I'll put this here, because it can be very hard to access old tweets now -- you can't get them more than a month or so before today's date, and even Topsy may not have everything.
I had been meaning to post this and forget about it and was reminded again by coming across Sachs pontificating on the Millenium Development Goals again. And I was reminded again just how wonderful Armin Rosen's article was, critiquing Sach's idea about African development (see at the very end).
I don't know if this exchange needs much explanation, but just in case: I got into a debate at first with a woman about whether the US and Europe were to blame for Africa's disruption. I think this is myopic and unfair and part of that anti-Western Marxist mentality you see in Western campuses and some African political organizations -- but not all. I think it's more complex than that, and while the scourges of colonialism naturally have to be blamed, and US machinations and oil companies and all the rest, at a certain point, you have to seek personal accountability, and you can't go on forever blaming whitey and the West. That's my conviction. And when I see the kleptocrats and maniacs leading some of these countries, I stand by it. I don't think they can be fixed by adding more mosquito nets.
But regardless of what I think, this story is about how the debate gets framed. Jeffrey Sachs has long been supported intellectually and financially by George Soros. He is typical of the can-do technocratic elite figure that George loves to back as a doer and maker, not in the Silicon Valley way -- George doesn't really seem to have an affinity with Silicon Valley -- but more in the old fashioned way of scientific development approaches -- economic solutions to political problems. There's more than a little third-way social democracy, even socialism in the ideals of this billionaire, and he tends to fund the leftwing and "progressive" organizations that fit these ideals.
Some time ago, he more or less revised -- abandoned? -- his ideas of the "open society" a la Popper, and began to believe that picking the one, true, scientific "progressive" way with rationality and free will was the way to advance society -- and then give the strongest organizations that extra boost, rather than funding pluralism for pluralism's sake.
As Alex Goldfarb, a one-time aide to Soros, once put it: It's the difference between funding the entire class, and hoping that out of that class of mixed abilities will come one or two geniuses, and the rest will have benefited from all being funded or funding those one or two geniuses because they are the strongest and best and you shouldn't waste money on failures or mediocrities. (This is also described as the Athenian versus Spartan form of education).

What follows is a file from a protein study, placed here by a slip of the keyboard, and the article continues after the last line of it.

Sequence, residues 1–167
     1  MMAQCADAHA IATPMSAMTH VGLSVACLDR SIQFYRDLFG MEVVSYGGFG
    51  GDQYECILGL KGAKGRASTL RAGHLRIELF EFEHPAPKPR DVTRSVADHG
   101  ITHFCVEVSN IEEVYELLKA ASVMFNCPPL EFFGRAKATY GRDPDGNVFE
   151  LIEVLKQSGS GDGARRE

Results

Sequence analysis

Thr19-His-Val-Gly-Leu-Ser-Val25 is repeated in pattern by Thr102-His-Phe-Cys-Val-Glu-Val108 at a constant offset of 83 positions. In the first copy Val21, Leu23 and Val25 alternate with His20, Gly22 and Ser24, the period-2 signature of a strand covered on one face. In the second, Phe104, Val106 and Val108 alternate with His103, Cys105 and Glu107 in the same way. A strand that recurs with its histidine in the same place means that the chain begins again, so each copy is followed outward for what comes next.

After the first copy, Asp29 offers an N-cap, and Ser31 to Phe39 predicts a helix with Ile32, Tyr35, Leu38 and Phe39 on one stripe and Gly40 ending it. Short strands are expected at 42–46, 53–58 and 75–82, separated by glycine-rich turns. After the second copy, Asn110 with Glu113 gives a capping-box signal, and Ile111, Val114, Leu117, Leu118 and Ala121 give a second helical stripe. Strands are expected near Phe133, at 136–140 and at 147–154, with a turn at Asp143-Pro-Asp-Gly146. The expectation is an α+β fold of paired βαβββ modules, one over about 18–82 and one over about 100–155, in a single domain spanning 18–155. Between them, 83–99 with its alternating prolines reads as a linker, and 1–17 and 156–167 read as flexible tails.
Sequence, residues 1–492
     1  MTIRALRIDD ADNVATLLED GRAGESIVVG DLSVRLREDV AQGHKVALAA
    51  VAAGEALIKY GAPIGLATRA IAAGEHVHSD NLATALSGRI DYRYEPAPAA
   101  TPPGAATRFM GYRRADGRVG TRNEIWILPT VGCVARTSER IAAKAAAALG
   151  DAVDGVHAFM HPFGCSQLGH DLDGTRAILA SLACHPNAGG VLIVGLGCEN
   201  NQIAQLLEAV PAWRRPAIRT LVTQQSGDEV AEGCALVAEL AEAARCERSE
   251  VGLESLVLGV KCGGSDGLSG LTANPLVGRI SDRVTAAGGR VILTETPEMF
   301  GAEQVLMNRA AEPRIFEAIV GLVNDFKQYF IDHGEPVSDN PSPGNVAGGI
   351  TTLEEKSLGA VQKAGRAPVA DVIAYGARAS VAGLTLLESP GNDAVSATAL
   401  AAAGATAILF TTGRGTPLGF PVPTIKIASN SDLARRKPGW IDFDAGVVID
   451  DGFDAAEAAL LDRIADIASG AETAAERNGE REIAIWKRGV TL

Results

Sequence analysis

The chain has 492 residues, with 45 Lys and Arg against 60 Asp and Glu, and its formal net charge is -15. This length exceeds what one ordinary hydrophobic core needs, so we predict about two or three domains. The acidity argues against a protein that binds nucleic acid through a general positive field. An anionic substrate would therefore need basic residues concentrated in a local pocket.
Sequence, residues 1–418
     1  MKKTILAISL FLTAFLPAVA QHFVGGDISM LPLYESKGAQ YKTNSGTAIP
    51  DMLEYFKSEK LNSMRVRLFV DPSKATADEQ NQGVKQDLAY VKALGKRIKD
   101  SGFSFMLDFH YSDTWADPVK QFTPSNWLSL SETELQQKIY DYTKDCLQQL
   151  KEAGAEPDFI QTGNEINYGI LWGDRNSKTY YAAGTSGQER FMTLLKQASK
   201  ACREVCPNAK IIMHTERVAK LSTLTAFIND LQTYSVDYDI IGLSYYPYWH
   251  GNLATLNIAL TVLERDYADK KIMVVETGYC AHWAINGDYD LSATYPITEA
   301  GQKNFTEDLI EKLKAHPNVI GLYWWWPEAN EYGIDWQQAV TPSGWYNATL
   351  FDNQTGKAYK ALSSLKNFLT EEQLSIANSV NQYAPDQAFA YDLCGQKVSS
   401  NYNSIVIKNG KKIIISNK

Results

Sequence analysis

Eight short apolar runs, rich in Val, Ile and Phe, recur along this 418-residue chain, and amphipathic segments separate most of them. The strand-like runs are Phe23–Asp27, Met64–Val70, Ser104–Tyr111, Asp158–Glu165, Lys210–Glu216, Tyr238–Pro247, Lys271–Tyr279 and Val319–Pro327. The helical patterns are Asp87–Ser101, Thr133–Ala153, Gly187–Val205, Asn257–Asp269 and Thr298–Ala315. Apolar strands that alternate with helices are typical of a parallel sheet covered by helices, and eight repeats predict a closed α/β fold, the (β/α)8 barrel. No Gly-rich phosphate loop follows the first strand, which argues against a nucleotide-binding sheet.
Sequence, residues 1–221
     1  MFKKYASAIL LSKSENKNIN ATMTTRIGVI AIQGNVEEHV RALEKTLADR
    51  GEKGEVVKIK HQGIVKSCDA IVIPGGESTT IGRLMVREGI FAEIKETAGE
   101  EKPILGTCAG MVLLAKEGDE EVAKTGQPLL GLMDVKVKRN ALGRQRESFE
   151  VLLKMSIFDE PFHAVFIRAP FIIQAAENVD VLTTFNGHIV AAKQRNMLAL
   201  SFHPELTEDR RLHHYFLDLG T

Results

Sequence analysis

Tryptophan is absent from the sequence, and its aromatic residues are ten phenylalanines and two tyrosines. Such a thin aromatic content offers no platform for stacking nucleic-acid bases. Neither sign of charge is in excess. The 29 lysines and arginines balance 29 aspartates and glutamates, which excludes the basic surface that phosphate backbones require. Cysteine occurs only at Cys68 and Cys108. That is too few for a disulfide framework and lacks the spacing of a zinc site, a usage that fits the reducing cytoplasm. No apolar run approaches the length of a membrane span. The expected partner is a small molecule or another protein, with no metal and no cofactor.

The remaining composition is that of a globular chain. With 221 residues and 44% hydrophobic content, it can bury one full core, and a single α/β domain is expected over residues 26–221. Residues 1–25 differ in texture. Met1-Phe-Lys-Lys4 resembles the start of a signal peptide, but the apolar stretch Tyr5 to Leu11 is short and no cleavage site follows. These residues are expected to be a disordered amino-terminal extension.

I think arguably Soros has moved from the former to the latter belief, especially with his investments in American politics, but at any rate, Jeffrey Sachs is one of his big investments -- and by that I mean not necessarily in some literal dollar amount that Sachs may get today but more about his ideas, and advancing them either personally with Sachs, or many NGOs that will listen to Sachs and at least not criticize him.
There's almost no criticism of Sachs anywhere, and I think this is a function of the fact that there's a kind of taboo on that -- Soros grantees -- and there are a lot of them! -- don't want to fall out of favour. Even those without a direct Soros grant, say, a university, don't want to speak out of tune with the great one. This is incredible pervasive throughout the progresso-sphere -- this Partiinost' or Party discipline, and I really find it repulsive. What this interchange I had with Sachs shows is the enormous lengths he will go to -- narcistically -- to keep the adulation intact.
You would think normally someone of his magnitude wouldn't have time to come and interrupt a Twitter chat between two strangers who happen to use his handle merely to indicate they were discussing his article. But he did. He challenged my claims about the critique of his ideas for Poland and Russia -- which at the time were very controversial and caused a certain amount of dislocation. Maybe they worked better in Poland; Russia was beyond him. He doesn't answer that challenge.